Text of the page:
When you’re young, people often ask you what you want to be when you grow up, as if growing up has some mystical power of transformation that allows a wish to become a vocation or career.

When I was young, I would often answer that I wanted to be a doctor, so I could cure Multiple Sclerosis. My mom has MS, and she still sometimes asks me whatever happened to that dream, why hadn’t I become a doctor and cured her yet? She was so proud of that dream. It was high school when I stopped wanting it and started trying to wean her off of the idea: “I don’t know what I’m going to go to college for Mom, maybe I won’t be a doctor.” Her selective memory never held onto those hints.

I have always loved to read, which engendered in me a love for writing. After being thoroughly discouraged when my poem was rejected from the high school literary magazine freshman year, I reclaimed some confidence when I managed to place several pieces in my junior year – enough that they instituted a rule limiting students to one or two accepted entries per issue, instead of the previous strictly anonymous, most-votes-gets-in rule. I had a poem published in the school newspaper and another in an anthology of young poets.

But that wasn’t really getting published – it wasn’t for pay; it wasn’t professional. I do still have a copy though, and copies of my high school literary magazines, and even the student newspaper. That was actually the most hilarious one to me – the previous year I had one of my poems rejected from the literary magazine because I included mention of a hand touching a thigh. In the work, it was completely about friendship and comfort, but the administration decided that it was too sexual and had it cut. The newspaper then published a poem of mine that had clear lesbian tendencies and was pretty much about orgasm. Must have been different oversight committees.

And so I began, in high school, to toss around the idea of being a writer. I took creative writing courses and wrote a short novel for one of them. I thought I could write. But I knew I wasn’t a writer. I never even tried submitting anything for pay, in part out of a lack of confidence, and in part because I was intimidated by the idea of actually printing and posting the damn things. To me, it would take an arrogance that I did not possess to pay even such a small amount for the privilege of being rejected.

But I journaled constantly, obsessively, filling large lineless sketchbooks with scribbles of varying size and legibility among single line abstract doodles and stickers. In my junior year, my English teacher introduced me to the idea of a sketch journal and, although I do not pretend to true artistic inclinations, I filled an entire sketchbook with writing and art, and started another one that I continued to share with her even when I was no longer in her class.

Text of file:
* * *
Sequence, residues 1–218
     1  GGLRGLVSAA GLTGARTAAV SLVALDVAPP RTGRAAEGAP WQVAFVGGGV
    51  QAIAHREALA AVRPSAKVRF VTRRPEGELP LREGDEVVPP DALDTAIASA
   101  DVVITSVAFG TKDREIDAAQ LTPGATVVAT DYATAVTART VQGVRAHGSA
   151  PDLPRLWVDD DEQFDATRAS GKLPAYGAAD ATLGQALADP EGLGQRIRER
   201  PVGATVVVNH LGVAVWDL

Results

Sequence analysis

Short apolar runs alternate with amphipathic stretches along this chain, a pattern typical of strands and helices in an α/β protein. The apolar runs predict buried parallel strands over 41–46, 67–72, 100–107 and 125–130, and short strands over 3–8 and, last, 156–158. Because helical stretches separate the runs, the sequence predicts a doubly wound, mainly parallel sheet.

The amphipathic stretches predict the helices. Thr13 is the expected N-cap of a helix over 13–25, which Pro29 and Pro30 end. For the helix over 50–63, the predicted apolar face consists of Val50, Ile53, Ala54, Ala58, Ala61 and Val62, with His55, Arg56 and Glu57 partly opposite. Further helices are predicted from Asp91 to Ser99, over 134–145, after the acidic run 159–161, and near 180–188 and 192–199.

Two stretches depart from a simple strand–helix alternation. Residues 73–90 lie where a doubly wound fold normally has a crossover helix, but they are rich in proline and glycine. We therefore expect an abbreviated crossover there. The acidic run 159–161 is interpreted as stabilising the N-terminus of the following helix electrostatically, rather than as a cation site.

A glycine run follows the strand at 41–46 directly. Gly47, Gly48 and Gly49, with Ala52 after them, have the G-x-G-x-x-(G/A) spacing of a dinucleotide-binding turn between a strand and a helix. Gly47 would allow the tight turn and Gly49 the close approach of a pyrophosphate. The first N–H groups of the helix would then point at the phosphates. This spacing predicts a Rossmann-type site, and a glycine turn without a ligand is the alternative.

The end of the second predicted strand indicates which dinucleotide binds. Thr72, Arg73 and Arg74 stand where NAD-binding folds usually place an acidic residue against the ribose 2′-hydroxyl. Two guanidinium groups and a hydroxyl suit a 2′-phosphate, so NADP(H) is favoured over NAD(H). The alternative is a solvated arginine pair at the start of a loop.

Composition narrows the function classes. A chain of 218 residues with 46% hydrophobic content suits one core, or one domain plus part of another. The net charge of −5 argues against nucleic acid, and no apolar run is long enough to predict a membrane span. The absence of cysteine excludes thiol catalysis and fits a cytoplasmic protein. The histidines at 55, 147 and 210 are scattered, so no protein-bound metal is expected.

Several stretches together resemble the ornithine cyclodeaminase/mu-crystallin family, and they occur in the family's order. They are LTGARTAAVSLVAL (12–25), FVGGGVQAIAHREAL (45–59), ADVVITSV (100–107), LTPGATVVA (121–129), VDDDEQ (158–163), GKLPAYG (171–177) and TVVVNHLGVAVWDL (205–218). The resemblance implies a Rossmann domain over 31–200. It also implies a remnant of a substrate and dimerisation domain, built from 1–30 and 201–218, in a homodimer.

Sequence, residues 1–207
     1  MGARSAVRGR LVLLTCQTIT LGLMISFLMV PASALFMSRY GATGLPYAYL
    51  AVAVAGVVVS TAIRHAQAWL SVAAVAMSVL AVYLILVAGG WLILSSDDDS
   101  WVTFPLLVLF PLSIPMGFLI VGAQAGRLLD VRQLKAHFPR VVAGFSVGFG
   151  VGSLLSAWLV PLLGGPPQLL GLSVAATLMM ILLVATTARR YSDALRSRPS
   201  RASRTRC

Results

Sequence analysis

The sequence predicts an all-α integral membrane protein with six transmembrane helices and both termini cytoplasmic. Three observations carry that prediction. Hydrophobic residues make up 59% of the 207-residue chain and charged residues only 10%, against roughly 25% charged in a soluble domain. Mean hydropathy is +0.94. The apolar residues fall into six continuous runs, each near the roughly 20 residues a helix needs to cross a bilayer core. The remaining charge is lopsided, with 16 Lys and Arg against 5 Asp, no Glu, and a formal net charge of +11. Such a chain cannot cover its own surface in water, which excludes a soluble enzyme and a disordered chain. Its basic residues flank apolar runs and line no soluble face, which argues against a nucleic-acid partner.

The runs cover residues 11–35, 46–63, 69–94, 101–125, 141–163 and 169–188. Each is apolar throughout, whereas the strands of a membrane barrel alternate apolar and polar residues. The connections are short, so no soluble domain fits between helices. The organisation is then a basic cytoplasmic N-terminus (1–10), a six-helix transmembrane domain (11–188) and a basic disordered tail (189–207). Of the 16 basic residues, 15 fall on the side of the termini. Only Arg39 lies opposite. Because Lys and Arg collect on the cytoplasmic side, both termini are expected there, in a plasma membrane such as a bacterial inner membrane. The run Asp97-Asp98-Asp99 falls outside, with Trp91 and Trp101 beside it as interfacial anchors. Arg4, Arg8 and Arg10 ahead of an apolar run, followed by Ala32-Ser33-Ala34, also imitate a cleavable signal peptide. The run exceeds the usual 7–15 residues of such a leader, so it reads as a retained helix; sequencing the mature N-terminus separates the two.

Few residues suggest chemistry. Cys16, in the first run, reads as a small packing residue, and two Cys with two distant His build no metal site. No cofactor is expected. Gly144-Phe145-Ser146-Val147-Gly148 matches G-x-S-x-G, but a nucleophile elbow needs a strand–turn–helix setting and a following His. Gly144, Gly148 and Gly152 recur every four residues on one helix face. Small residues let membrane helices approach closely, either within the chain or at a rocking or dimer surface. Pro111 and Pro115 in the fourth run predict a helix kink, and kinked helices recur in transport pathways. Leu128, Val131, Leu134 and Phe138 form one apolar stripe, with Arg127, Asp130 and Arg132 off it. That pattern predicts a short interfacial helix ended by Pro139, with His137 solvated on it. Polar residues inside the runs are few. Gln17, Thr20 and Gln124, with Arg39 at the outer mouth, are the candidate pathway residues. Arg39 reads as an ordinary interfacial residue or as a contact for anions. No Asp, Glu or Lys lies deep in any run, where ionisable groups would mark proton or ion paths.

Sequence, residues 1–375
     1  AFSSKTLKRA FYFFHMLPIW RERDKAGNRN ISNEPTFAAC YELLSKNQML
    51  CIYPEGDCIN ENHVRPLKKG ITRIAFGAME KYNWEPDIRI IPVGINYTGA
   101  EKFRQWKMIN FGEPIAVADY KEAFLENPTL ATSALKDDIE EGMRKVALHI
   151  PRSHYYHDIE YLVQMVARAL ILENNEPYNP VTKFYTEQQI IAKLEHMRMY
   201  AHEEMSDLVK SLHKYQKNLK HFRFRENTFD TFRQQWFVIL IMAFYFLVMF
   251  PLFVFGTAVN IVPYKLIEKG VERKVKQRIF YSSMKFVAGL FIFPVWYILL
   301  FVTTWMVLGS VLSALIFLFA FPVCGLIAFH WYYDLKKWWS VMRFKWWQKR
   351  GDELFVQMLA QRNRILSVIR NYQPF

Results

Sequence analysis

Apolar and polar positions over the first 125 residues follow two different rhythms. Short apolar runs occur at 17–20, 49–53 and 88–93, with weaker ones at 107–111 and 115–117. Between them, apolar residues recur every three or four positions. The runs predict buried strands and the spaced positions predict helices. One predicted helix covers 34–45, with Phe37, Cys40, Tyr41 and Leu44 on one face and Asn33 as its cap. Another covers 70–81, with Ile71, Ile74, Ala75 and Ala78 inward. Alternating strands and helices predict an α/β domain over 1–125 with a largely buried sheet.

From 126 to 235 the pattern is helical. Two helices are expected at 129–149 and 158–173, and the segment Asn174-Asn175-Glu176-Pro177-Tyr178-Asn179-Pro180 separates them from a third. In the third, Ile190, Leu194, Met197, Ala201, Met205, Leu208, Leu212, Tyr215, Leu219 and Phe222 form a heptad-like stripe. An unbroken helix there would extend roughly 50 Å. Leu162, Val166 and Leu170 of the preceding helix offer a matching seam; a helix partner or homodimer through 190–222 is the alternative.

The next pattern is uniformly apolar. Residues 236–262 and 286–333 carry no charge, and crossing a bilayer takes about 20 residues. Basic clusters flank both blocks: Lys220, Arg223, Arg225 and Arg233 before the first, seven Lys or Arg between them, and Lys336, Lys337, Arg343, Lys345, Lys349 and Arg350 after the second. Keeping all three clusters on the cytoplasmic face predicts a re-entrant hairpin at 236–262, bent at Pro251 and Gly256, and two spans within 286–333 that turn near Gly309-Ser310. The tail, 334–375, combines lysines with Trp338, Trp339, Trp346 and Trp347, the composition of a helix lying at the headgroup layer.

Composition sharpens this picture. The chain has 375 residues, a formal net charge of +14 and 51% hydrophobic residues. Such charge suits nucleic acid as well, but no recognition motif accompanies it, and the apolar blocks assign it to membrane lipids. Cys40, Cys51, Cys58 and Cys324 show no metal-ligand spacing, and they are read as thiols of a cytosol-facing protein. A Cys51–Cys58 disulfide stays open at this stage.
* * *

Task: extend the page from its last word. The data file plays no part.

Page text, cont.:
I wrote about my feelings, my thoughts, my stories and teenage poetry. I drew my mind in words and pictures, and drew my experiences through symbols and longing.

I kept journaling in college, but not throughout. There was a stopping point that I reached as I began to feel more alienated from my chosen academic life. I was not loud; I lacked the arrogance to put forth my unusual point of view.

I feared.

Calling yourself a writer opens you up for criticism, from the down-the-nose glances of those that insist that whatever you are, it isn’t a “real” writer, to the simple reality that art, being public, will be criticized. Calling yourself a writer can mean whatever you want it to mean, and it seems to mean something different to everyone. Calling yourself a writer is only slightly more concrete than calling yourself a dreamer.

“Come to the edge,” he said.
They said, “We are afraid.”
Come to the edge,” he said.
They came.
He pushed them…and they flew.”

― Guillaume Apollinaire

I’ve only dreamed of flying once that I remember. In the dream, I was in the train station formerly known as Northwestern Station in downtown Chicago, and I was on the run from the law. The station thronged with rush hour crowds and I shoved people out of the way even as I knew I was about to be caught. I fetched up against a railing overlooking a bank of escalators when it struck me that this was a dream.

“And if this is a dream, then I can fly,” I said to myself.

I swung into the air, with a motion like Christopher Walken’s in Fatboy Slim’s “Weapon of Choice” music video.

And I flew, high to the glass windows near the ceiling by the entrance to the track, diving and swirling and reveling in my new-found freedom.

Then my mind played a trick on me, and I dreamed that I woke up. I stole from myself the power of flight, and I’ve not gotten it back since, not given it back.

I’ve allowed myself to stress out over schoolwork that is not truly difficult for me, almost as if I were seeking obstacles to overcome in order to bring more seriousness to my work. I’ve taken away from myself the enjoyment of the process of learning and improving myself and my work.

And for what?

A 4.0, an antacid addiction and a painfully knotted shoulder?

No, thanks.

It’s time to fly.

I’m a writer.

Leave a Reply

Your email address will not be published. Required fields are marked *